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SEVENTEENTH CONGRESS OF THE REPUBLIC }


OF THE PHILIPPINES }
First Regular Session } dateJIII
Co

SENATE
S.B.N o. 256 BILLS INDEX

Introduced by SENATOR LACSON

EXPLANATORY NOTE

Land is the ultimate resource in sustaining life, and thus, good stewardship in land
use is essential for present and future generations.

The worlds population has doubled in the last 40 years and passed the 7 billion
mark. It is predicted to reach 8.5 billion by the year 2030, a population level thought by
many scientists to be the maximum number of people supported by the world4s resources
and capacity for food production. Yet again, only less than half of the worlds population
has secured access to land.

The International Federation of Surveyors (FIG), in cooperation with the United


Nations, hosted the Bathurst Workshop on Land Tenure and Cadastral Infrastructures
for Sustainable Development in Australia in October 1999 and concluded that
sustainable development is just rhetoric without appropriate land administration system.
The Bathurst declaration recommends a global commitment to provide effective legal
security of tenure and access to property for all men and women and to provide reforms
in the land administration system essential for sustainable development. They also
underscored the need to facilitate full and equal access to land-related economic
opportunities such as credit and natural resources.

However, the performance of government agencies undertaking land


administration functions such as land surveys, mapping, classification, titling and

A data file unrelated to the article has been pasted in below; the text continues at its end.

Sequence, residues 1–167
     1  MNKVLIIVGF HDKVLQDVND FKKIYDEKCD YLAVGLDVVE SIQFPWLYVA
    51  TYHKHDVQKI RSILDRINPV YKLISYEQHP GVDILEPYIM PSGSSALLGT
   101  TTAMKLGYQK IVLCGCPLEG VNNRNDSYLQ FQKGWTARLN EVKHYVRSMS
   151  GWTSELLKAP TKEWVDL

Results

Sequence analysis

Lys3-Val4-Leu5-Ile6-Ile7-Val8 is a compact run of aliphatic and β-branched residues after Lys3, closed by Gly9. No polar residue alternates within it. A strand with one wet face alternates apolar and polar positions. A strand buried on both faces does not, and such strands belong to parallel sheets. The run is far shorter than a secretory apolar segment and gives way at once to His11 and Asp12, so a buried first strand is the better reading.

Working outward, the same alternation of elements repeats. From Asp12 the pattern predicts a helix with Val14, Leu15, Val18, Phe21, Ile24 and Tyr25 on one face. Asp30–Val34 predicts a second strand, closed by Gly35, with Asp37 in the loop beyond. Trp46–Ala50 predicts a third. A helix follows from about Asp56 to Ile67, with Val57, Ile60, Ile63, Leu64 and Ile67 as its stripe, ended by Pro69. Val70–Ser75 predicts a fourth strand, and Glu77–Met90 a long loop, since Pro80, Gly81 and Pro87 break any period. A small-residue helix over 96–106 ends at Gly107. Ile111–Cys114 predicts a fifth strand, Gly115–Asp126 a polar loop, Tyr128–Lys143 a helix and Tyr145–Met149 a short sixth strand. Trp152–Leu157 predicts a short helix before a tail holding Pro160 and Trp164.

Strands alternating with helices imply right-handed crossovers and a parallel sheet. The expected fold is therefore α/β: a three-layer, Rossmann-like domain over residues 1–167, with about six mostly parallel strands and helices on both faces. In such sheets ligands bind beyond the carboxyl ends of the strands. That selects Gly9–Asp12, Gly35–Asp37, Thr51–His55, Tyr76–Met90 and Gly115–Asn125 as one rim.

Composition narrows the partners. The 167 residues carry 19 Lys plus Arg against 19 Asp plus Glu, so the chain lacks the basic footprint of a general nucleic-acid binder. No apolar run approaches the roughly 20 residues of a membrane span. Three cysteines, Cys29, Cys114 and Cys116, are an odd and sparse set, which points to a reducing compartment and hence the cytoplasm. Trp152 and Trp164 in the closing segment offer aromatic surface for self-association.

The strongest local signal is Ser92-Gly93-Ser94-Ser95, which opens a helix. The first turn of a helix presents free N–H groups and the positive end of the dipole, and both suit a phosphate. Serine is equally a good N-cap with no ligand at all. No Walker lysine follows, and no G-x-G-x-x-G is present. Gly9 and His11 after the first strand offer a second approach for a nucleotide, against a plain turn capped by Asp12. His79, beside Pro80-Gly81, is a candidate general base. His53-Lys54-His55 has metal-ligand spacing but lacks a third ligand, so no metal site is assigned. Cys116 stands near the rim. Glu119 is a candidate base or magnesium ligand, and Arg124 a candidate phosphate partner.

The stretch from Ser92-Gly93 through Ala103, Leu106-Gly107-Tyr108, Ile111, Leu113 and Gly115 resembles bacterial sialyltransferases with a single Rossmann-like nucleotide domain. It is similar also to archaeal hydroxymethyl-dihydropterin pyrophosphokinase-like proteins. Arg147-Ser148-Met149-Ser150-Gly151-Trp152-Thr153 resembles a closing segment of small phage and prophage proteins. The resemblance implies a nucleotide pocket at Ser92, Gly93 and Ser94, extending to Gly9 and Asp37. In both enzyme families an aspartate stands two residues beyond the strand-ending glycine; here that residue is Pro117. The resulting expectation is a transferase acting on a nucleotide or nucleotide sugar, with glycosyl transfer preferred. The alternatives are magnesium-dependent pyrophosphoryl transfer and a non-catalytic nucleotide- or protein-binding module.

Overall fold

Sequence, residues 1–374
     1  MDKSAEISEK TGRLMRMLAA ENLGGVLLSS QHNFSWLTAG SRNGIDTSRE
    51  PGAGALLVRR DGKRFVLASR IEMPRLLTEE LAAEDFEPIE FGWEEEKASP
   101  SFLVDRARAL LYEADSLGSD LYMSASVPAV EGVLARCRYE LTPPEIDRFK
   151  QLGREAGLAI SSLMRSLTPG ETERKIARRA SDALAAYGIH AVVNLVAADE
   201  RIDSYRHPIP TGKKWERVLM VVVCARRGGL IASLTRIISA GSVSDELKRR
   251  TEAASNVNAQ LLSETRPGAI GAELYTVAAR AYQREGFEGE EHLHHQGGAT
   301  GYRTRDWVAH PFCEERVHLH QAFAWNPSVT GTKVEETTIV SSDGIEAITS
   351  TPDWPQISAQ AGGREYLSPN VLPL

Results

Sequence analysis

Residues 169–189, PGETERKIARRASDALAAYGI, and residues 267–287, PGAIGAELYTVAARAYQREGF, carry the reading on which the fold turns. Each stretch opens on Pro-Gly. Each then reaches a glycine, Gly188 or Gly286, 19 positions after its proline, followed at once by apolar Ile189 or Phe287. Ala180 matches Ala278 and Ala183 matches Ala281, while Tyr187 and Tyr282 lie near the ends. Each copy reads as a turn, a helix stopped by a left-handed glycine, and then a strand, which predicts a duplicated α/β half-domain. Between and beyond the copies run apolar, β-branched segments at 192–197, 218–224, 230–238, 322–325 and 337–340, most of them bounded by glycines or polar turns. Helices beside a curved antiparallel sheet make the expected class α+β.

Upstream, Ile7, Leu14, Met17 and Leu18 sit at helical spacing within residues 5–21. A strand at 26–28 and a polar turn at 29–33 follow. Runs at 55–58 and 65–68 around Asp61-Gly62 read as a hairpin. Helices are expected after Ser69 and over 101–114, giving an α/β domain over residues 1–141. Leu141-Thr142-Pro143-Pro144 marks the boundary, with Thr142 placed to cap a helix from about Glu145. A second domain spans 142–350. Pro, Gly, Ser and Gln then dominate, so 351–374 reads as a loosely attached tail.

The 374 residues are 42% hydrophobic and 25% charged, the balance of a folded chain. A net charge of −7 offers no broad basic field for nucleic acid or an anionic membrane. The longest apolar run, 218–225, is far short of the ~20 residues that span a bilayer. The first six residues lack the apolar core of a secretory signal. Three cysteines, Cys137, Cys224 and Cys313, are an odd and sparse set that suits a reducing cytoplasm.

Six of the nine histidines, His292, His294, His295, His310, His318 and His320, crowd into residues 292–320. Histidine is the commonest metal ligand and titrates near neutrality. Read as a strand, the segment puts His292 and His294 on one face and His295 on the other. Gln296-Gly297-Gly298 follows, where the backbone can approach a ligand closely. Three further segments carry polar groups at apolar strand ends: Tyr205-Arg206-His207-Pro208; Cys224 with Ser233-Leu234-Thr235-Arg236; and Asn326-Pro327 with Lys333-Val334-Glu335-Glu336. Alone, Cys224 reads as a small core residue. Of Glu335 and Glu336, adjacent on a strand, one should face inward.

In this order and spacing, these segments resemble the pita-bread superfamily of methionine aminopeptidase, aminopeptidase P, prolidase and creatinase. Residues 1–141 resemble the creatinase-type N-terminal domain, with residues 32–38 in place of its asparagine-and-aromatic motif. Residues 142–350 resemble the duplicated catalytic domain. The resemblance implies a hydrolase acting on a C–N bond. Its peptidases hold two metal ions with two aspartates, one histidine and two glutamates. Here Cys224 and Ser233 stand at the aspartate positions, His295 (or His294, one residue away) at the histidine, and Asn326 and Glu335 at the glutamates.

disposition and registration is considered below par. The services provided by these
agencies do not address our domestic problems on sustainable development and much
more, global concerns.

The problem is largely attributed to fundamental legal and institutional defects in


both the structure and operations of the land administration system. For one, there are
many laws governing land administration functions. This results in the existence of a
number of institutions administering our scarce land resources which bring confusions,
delays, high transaction costs for both government and users, low investment, and graft
and corruption.

These institutional and structural defects in land administration are detrimental to


the sustainable development of natural resources. More so, these have also given rise to
major inefficiencies including extensive delays in the disposition and titling of alienable
and disposable land; inaccurate and incomplete land information and records;
proliferation of fake titles; duplication and overlap of activities among government